Story inspired by the following prompt: A drug has been outlawed decades ago that has a fifty-fifty shot at making you incredibly intelligent, or completely insane. You hold the last pill in existence.
There were twenty of us when we first started training. And there were ten of us when we finished training, which was where the 50% success rate statistic documented in the Top Secret labeled government folders originated. Technically, I suppose there were still twenty of us alive, but the other ten were different.
I was recruited out of high school, just like the other nineteen candidates in the program. Back then, I thought that I was applying for a job, and had been lucky enough to find someone willing to hire me. Turns out, they had found me long before I knew they existed.
“Mr. Lionel,” Said the man in the black suit when I entered the interview room, holding a computer print out of my application sheet. I’d found the job online three days prior, when I was searching for a summer position online to earn cash before starting college, since my parents could not afford to give me aid after my father had developed skin cancer. An ad had popped up, an ad that seemed to match my description perfectly. I didn’t realize it at the time, but a tad too perfectly.
Intelligent, with a GPA of 3.8 or above. Athletic, above the 95th percentile of the class. Socially adept. With these qualifications, join Brickman Associates, servants of society.
And three days later, I was shaking the man in the black suit’s hand, nervously introducing myself for the interview inside an unmarked brick building.
“Mr. Lionel, the name is Brickman,” He continued, his deep voice rumbling, “It is my understanding that you are looking for a summer position with Brickman Associates? We are searching for only the top candidates, Mr. Lionel. The position can only be described as strenuous, but I assure you it will pay off.”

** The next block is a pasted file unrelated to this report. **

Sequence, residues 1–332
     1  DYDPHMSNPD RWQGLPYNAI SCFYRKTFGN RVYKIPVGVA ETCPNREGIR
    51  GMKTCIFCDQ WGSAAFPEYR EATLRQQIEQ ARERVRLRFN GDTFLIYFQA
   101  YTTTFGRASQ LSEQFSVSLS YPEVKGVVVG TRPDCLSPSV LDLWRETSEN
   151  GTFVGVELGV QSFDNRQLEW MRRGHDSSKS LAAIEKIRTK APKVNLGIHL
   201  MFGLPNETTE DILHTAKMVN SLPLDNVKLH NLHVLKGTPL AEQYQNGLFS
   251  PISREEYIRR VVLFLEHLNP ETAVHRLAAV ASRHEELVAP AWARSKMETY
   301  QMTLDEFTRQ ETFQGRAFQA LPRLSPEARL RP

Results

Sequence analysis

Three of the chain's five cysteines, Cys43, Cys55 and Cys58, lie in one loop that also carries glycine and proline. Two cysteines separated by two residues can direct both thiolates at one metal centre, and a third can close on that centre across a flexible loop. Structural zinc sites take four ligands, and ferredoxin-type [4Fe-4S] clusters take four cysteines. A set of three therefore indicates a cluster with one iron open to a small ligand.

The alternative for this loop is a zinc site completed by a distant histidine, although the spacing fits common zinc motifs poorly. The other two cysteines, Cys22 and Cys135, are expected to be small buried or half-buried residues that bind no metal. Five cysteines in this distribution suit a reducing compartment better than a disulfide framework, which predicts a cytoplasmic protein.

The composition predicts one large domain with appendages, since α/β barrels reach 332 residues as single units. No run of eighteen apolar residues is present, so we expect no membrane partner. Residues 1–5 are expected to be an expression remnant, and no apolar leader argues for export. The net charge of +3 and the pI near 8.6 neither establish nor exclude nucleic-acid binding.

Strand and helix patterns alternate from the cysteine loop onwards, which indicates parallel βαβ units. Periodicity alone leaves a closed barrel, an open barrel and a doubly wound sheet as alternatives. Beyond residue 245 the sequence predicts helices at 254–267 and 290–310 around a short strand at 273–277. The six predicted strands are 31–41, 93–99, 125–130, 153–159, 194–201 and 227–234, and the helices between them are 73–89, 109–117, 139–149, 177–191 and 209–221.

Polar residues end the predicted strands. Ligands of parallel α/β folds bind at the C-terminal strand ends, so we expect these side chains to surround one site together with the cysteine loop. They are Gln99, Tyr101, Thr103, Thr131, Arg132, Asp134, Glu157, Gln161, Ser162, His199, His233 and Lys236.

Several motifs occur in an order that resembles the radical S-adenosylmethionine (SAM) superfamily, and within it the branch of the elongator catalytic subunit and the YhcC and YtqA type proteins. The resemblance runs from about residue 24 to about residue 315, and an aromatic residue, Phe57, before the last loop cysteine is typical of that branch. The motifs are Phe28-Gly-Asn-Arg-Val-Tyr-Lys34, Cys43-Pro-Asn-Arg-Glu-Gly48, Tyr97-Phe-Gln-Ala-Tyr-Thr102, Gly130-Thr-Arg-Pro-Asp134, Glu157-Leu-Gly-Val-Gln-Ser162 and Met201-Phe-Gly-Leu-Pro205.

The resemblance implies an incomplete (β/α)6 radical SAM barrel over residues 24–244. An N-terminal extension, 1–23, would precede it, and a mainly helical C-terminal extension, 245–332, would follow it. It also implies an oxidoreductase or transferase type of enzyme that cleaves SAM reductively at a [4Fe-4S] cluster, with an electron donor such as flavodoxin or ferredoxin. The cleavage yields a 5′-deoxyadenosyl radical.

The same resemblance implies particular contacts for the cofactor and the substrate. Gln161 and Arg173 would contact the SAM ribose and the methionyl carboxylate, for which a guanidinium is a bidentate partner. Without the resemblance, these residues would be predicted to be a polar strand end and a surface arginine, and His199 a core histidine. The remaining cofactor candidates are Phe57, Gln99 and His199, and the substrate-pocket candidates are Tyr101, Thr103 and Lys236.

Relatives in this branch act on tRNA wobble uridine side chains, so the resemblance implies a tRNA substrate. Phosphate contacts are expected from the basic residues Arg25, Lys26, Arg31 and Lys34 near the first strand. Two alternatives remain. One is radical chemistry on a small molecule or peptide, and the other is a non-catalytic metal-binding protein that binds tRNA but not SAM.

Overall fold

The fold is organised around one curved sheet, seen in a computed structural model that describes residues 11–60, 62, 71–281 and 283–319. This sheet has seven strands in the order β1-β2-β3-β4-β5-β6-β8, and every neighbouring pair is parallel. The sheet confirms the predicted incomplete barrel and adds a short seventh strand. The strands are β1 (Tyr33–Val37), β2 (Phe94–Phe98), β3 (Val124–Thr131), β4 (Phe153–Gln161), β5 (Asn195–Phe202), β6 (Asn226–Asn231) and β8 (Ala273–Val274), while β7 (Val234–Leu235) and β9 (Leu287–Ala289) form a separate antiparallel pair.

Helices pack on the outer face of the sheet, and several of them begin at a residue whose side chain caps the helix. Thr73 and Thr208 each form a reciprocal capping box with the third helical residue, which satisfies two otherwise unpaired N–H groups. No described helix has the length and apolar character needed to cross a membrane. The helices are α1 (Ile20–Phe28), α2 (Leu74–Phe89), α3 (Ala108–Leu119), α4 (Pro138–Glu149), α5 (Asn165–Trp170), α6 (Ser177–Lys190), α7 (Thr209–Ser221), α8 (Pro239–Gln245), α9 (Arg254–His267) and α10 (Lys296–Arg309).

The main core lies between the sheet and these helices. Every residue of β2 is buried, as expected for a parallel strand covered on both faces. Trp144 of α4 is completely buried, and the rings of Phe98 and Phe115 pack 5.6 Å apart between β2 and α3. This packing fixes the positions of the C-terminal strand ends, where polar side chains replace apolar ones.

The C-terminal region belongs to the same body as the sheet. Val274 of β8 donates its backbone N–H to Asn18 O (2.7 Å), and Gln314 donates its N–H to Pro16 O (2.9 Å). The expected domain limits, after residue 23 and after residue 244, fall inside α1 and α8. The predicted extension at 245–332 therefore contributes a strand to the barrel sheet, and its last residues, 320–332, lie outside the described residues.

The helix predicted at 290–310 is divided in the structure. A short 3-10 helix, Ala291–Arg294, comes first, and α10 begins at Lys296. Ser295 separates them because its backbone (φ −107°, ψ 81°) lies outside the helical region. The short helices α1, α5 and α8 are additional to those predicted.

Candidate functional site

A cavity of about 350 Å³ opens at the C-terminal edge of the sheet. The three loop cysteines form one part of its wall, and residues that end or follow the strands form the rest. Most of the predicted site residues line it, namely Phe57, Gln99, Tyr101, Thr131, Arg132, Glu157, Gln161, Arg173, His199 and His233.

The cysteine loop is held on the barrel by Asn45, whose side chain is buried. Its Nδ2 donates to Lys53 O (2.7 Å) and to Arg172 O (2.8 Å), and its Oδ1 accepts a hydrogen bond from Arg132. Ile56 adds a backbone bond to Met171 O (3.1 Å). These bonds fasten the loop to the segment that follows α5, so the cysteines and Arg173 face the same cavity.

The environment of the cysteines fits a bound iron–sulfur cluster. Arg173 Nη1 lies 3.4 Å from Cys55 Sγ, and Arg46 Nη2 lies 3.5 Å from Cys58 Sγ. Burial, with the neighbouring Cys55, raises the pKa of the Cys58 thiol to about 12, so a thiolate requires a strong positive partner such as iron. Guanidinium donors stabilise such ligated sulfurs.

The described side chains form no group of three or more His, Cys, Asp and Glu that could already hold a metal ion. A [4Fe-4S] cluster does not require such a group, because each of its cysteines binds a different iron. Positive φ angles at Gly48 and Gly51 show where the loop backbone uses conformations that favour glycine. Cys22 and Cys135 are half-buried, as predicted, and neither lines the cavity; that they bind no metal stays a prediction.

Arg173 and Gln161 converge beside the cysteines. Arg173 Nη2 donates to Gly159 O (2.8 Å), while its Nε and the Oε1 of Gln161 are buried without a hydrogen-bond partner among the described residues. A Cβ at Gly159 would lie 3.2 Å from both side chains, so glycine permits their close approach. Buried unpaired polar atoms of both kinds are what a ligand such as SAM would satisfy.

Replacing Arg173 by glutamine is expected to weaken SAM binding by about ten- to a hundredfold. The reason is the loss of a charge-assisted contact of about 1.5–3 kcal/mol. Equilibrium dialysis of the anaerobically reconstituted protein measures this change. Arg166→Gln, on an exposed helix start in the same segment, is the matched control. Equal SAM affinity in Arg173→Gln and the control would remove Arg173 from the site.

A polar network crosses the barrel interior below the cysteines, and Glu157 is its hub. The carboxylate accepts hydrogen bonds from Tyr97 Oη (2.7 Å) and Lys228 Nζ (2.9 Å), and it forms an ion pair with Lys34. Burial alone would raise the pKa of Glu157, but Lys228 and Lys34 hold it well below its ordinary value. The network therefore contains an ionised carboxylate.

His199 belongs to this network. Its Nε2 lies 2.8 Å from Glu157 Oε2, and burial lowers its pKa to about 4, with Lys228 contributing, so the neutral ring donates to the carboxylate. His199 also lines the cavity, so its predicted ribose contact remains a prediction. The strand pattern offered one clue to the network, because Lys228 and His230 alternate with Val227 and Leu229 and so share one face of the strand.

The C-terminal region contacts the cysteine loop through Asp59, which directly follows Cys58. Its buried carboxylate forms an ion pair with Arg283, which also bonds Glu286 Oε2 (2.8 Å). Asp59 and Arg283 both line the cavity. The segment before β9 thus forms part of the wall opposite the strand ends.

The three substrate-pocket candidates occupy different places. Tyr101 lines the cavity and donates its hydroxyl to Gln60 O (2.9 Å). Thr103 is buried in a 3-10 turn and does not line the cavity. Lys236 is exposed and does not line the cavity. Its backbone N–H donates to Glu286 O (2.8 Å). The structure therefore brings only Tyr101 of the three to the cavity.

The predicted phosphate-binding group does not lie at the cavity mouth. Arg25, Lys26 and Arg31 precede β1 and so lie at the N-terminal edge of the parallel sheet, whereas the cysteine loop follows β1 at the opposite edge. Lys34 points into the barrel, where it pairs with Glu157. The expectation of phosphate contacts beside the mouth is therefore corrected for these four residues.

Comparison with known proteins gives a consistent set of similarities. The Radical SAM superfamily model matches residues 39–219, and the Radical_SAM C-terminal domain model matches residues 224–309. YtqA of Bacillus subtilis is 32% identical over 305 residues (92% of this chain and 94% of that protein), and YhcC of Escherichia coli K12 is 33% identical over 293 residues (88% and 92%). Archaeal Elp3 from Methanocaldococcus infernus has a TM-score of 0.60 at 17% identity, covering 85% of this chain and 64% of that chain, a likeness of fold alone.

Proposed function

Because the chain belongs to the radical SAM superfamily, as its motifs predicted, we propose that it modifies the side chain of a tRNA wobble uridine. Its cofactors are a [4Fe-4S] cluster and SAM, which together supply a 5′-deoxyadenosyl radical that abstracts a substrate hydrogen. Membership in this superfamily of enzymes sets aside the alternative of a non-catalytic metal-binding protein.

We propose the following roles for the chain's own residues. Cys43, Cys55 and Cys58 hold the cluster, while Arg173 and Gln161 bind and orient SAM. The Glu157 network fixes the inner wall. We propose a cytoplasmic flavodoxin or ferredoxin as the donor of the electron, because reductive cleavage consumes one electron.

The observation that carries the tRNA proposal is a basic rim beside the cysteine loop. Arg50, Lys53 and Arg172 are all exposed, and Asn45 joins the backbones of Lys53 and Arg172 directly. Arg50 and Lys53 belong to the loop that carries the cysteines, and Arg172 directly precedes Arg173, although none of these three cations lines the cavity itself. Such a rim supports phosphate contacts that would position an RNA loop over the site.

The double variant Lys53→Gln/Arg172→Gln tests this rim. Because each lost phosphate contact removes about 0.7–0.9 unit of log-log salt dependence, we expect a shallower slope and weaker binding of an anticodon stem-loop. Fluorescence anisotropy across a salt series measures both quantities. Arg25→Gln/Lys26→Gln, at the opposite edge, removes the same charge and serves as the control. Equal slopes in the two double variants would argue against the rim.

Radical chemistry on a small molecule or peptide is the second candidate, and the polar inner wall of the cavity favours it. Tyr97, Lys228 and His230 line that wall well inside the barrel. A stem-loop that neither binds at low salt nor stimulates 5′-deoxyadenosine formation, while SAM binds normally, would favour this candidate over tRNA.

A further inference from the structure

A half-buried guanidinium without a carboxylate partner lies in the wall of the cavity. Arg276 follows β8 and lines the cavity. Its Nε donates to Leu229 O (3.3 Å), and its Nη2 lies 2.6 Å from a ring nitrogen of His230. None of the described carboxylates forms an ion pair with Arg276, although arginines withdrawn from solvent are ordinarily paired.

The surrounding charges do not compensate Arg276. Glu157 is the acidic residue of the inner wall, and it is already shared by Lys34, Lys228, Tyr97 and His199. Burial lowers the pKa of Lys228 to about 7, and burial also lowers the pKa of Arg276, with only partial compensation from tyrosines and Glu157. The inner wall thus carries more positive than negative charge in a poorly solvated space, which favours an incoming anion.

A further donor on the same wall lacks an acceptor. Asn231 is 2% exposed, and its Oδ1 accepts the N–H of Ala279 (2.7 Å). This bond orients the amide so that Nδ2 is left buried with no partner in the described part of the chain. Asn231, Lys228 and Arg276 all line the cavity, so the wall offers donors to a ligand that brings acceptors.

“What is it, exactly?” I had asked, meeting his eyes, the irises so brown that they appeared to be pupils.
“Mr. Lionel, it’s a position of extreme confidentiality. Consider it a military position, with some fieldwork combined with intelligence operations.”
“Some what?” I said, “I thought I was applying for a government desk position. I’m not interested in joining the army, sir. I’m going to college.”
“It’s not the army, son,” Brickman answered, and leaned across the table, sliding a small piece of folded paper to me, “It’s the best of the best. And I can assure you, we pay more than than you would receive out of college. Better yet, we’ll expand your mind in ways you cannot yet comprehend.”
I unfolded the paper and stared at the number written on it, the zeros seeming to jump from the page.
“This can’t be real,” I said, handing it back, and turning to leave.
“I assure you it is. But if you’re in, you must be fully committed. We will look after your best interests, but once you are in there is no turning back. We’ll be in touch in a few days with further information.”
They had, through telephone. The decision was difficult, but logical. I couldn’t pay for college, and they were willing to pay me enough to retire in fifteen years to participate in their program. And more importantly, they promised to bring my father to the best doctors in the country, free of charge.
So I accepted.
And they trained me.
I’d never learned to fight before training. None of the twenty had- that was one of the requirements, that we start fresh, with no prior knowledge. But by the end, we were the best. Not just in hand to hand, but in every method. Verbal, mental, political- if there was a way to fight, we learned it. And we mastered it by the end of the three years.
At the end of year three, they had gathered us together in a room. And that was when we found the true purpose of our program, listening to a presentation that would change our lives. I’d found my girlfriend in the program, and she was sitting next to me, concern creasing across her face.
“These pills,” Said a doctor at the front through a grey mustache, shaking a small bottle in his hand and smoothing his lab coat, “Have the potential to turn you into something greater than human. Something incredible. Right now, you may believe you are the best of the best. And I assure you, you are. But with these, you will no longer be men. You’ll be gods.”